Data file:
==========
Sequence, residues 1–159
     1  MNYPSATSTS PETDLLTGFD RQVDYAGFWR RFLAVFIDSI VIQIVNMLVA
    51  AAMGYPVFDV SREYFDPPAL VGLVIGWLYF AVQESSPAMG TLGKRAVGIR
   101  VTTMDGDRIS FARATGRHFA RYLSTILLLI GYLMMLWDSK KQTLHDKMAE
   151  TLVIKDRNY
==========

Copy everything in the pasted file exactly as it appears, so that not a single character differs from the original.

Sequence, residues 1–159
     1  MNYPSATSTS PETDLLTGFD RQVDYAGFWR RFLAVFIDSI VIQIVNMLVA
    51  AAMGYPVFDV SREYFDPPAL VGLVIGWLYF AVQESSPAMG TLGKRAVGIR
   101  VTTMDGDRIS FARATGRHFA RYLSTILLLI GYLMMLWDSK KQTLHDKMAE
   151  TLVIKDRNY